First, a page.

No. 16-20412. Summary Calendar.

CHARLES WOMBA HOLMES, Plaintiff-Appellant, v. JOHN POLLOCK, Defendant-Appellee.

United States Court of Appeals, Fifth Circuit.


Charles Womba Holmes, Texas prisoner # 01724919, filed a 42 U.S.C. § 1983 complaint arguing that the defendant violated various constitutional rights by improperly recording a phone conversation between him and the minor victim without first obtaining a warrant, court order, or parental consent. Holmes was convicted of sexual assault of a child.

The district court dismissed the complaint for failure to state a claim pursuant to 28 U.S.C. § 1915A(b)(1) because Holmes's claims were barred by Heck v. Humphrey, 512 U.S. 477 (1994). Holmes appeals the district court's dismissal of his complaint. We review a dismissal of a complaint under § 1915A(b)(1) de novo. Green v. Atkinson, 623 F.3d 278, 280 (5th Cir. 2010).

A plaintiff in a § 1983 action may not recover damages for "allegedly unconstitutional conviction or imprisonment, or for other harm caused by actions whose unlawfulness would render a conviction or sentence invalid," unless he "prove[s] that the conviction or sentence has been reversed on direct appeal, expunged by executive order, declared invalid by a state tribunal authorized to make such determination, or called into question by a federal court's issuance of a writ of habeas corpus." Heck, 512 U.S. at 486-87. Holmes contends that his claims are not barred by Heck because his complaint does not call into question his conviction for sexual assault of a child. He argues that any error in the admission of the recording was harmless because there was other evidence to support his conviction. We disagree.

On direct appeal, Holmes argued that the evidence was insufficient because of inconsistencies in the victim's testimony and because the testimony of the victim and her mother conflicted with that of Holmes and two witnesses who testified that the victim and her mother had fabricated their testimony. Further, the jury deliberated for nine hours before reaching a verdict. If the district court were to grant Holmes relief as to his claims, it would implicitly call into question the validity of his conviction. See Heck, 512 U.S. at 487. Given that Holmes's § 1983 claims are barred by Heck, any error by the district court in dismissing the complaint without giving Holmes an opportunity to amend was harmless. See Bazrowx v. Scott, 136 F.3d 1053, 1054 (5th Cir. 1998).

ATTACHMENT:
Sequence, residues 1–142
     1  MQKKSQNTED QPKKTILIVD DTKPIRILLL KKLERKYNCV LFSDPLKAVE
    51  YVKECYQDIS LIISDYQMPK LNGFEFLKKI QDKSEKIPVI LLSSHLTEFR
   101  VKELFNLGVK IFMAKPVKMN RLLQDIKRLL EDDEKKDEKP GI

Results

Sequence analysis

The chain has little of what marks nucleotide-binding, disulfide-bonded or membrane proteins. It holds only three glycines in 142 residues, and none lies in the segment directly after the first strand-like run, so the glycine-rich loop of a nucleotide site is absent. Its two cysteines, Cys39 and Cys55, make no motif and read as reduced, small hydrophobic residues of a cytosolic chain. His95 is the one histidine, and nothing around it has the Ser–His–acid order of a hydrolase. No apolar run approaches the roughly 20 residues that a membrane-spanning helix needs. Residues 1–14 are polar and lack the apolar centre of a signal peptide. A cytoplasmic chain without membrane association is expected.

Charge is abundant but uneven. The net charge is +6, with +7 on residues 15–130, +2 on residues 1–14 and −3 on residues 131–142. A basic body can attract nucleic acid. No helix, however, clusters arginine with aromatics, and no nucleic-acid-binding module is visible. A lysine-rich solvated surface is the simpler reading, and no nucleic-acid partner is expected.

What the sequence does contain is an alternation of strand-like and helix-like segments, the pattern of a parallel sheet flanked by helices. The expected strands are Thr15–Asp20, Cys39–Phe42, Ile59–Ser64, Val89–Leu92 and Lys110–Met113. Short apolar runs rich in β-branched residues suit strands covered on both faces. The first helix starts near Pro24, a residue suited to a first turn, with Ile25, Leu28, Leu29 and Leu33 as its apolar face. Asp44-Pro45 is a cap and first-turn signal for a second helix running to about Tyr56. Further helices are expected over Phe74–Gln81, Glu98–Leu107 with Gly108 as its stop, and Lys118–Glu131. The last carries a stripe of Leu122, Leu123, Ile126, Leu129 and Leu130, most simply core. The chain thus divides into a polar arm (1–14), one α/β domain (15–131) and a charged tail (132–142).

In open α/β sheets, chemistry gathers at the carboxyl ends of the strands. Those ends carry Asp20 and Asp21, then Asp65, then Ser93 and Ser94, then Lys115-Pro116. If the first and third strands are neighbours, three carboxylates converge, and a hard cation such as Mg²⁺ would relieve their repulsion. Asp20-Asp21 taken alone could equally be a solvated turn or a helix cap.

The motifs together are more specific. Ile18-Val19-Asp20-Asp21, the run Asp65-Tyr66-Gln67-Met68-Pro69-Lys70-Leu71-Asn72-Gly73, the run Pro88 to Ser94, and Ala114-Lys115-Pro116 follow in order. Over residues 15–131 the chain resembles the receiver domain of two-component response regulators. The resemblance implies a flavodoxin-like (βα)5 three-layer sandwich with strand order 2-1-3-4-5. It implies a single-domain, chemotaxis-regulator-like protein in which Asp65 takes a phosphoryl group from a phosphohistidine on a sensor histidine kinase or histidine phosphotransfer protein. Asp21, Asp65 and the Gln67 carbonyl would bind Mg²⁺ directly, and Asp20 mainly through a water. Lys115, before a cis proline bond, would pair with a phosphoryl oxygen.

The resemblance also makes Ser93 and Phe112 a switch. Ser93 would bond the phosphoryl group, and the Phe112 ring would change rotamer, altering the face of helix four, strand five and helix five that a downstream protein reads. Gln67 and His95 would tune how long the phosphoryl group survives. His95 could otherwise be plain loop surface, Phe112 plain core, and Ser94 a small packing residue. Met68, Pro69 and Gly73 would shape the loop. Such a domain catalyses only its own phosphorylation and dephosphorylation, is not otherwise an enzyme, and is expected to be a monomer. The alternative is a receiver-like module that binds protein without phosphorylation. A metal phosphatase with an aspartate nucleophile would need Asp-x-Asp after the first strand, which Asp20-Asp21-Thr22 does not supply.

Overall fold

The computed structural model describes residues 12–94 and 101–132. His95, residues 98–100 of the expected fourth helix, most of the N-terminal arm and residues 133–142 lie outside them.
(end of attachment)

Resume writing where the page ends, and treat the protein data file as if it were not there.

The district court's dismissal of Holmes's complaint for failure to state a claim counts as a strike for purposes of 28 U.S.C. § 1915(g). See Adepegba v. Hammons, 103 F.3d 383, 387-88 (5th Cir. 1996). Holmes is warned that if he accumulates three strikes, he may not proceed in forma pauperis in any civil action or appeal filed while he is incarcerated or detained in any facility unless he is under imminent danger of serious physical injury. See § 1915(g).



* Pursuant to 5TH CIR. R. 47.5, the court has determined that this opinion should not be published and is not precedent except under the limited circumstances set forth in 5TH CIR. R. 47.5.4.


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